Aluminum alloys are among the top materials used in the construction, aerospace, sports equipment, electrical, and automotive industries. Their excellent strength-to-weight ratio, high relative strength, corrosion resistance, and machinability make them an attractive choice.
Given the wide range of aluminum alloys available, it can be challenging to choose the right one for your project. This article compares two common alloys, 6061 and 7075, and will help you decide between them.
Table of Contents
Alloy 6061 in Review
A member of the 6000 series, 6061 aluminum’s main alloying elements are magnesium and silicon, and it’s a great example of a jack of all trades. The alloy is somewhat universal, seeing some exposure in structural and building products as well as the aerospace and recreation industries.
Alloy 6061 displays good tensile strength, which can be improved by temper treatment, and good corrosion resistance, weldability, and workability. Its workability makes it the right choice for many extrusion projects, as it is easy to form.
The alloy is widely available at a relatively low cost and is a great option to produce varied and precise components in different shapes. Although alloy 6061 doesn’t rank first in any aluminum properties tier list, it’s a great and reliable all-around aluminum alloy to work with.
Alloy 7075 in Review
Aluminum 7075 is a member of the 7000 series, which has zinc as its main alloying component and is well known for its extraordinarily high strength. Tempering treatment can then further enhance its high mechanical strength. This property makes alloy 7075 very popular in the aerospace and defense industries.
Its strength is comparable to that of many types of steel, but it has a much lower density. The alloy is an excellent substitute to steel in high-stress applications. It also excels in withstanding fatigue stress, rendering it very reliable, a quality much sought after in the industries mentioned above.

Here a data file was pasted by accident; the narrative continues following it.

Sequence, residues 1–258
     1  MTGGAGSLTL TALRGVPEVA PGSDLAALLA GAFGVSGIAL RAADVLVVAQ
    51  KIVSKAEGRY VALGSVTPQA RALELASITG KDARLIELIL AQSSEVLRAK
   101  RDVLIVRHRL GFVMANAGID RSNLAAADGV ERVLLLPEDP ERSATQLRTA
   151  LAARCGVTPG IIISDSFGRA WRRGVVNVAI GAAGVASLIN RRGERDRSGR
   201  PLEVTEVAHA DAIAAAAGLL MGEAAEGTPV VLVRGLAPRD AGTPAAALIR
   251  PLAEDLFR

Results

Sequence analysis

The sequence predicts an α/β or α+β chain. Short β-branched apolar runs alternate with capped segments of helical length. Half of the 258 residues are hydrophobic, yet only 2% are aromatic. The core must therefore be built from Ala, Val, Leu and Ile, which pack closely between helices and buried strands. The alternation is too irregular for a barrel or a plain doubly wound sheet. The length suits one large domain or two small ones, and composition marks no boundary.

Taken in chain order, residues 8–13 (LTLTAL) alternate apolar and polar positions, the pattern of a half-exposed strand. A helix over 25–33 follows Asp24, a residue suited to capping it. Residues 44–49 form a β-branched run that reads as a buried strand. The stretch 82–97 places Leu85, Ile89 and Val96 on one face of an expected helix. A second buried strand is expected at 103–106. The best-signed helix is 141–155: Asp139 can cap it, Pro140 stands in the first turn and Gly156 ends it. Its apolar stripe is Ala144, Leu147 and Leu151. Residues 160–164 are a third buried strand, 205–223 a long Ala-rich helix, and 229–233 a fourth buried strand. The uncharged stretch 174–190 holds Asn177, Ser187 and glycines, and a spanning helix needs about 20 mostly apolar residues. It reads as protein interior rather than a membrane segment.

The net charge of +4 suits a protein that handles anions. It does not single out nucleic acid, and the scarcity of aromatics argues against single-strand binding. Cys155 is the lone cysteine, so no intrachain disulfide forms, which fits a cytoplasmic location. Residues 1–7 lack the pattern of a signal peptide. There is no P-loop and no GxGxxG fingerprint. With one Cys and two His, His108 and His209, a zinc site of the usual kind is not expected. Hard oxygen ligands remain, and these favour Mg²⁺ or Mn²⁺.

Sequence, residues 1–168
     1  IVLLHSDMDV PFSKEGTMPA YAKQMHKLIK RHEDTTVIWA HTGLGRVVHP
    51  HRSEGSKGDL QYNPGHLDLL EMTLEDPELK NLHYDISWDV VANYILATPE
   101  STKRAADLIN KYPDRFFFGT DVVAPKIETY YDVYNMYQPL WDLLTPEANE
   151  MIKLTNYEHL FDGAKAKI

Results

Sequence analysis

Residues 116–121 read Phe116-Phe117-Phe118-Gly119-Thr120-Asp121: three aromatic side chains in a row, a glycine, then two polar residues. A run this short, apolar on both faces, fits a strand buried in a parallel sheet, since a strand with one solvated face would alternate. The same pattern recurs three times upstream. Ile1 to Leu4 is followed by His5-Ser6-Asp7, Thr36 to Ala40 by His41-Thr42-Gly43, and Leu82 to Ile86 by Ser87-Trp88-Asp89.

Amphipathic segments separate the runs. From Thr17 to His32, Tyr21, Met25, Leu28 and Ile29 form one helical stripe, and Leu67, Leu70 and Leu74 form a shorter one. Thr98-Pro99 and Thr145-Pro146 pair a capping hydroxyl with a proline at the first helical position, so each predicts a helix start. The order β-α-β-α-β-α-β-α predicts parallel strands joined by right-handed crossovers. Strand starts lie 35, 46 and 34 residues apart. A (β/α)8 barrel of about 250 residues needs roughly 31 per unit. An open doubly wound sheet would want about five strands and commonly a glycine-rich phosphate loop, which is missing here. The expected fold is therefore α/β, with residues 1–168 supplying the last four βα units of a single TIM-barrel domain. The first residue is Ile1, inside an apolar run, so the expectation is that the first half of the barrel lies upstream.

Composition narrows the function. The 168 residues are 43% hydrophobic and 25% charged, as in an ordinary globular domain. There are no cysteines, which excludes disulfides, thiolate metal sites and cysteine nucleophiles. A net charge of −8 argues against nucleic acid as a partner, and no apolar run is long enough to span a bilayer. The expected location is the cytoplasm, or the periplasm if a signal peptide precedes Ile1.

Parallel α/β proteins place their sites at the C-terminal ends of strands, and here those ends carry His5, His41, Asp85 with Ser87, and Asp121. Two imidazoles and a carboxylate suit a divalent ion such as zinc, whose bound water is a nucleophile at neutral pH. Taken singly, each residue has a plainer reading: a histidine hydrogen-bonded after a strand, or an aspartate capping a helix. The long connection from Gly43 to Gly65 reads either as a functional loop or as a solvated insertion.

Alloy 7075 offers only average corrosion resistance, an outcome of the small amount of copper included in its chemical composition. It also features reasonable machinability and poor forming and weldability. Another drawback of this alloy is that it has a comparatively high cost relative to other aluminum alloys due to its exceptionally high strength.
6061 vs. 7075 Aluminum Alloys Comparison
The following table provides a direct comparison between these two aluminum alloys, highlighting their respective strengths and weaknesses. What are the differences between 6061 and 7075 aluminum?
|Alloy 6061||Alloy 7075|
|• Aluminum alloyed with silicon and magnesium.||• Aluminum alloyed mainly with zinc, with small amounts of magnesium and copper.|
|• Structural grade aluminum alloy||• Structural grade aluminum alloy|
|• Medium strength, can be high with temper treatment.||• High strength, and even higher with temper treatment.|
|• High strength to weight ratio, with low density.||• Very high strength to weight ratio, even considering a somewhat higher density compared to 6061.|
|• Good corrosion resistance.||• Average corrosion resistance.|
|• Good weldability, workability, and machinability. Great for CNC machining and extrusion projects.||• Regular machinability, and poor weldability and workability.|
|• Very high versatility, used in many industries.||• High-strength applications, mainly in the aerospace industry.|
Applications for the 6061 and 7075 Aluminum Alloys
Below are some typical applications for each of these alloys. It is worth considering the situations in which engineers commonly use each alloy to get a better idea of which one might be more appropriate for a given project.
|6061 Aluminum Alloy||7075 Aluminum Alloy|
|Building products||Aircraft wings and fuselages|
|Electrical products||Missile parts|
|Piping||Gears and shafts|
|Bicycle frames||Worm gears|
|Automotive parts||Fuse parts|
Should You Choose Aluminum Alloy 6061 or 7075?
As with most things, it depends. Both alloys exhibit high strength-to-weight ratios and would be good options for non-intensive, general purposes. Nevertheless, each of them excels in particular uses, and it comes down to the intended use and budget.
Aluminum 6061 would be a better choice when the product will be welded or formed, requires moderate to high tensile strength, or corrosion is a concern. It is also a better option for extruding complex shapes or when your budget is limited.
Aluminum 7075’s very high strength is its main characteristic. Therefore it would be more appropriate when an extraordinarily high tensile strength is required, accompanied by a high strength to weight ratio and high fatigue resistance.
To learn more about selecting the right alloy and designing for manufacturability, you can refer to our aluminum extrusion design guide.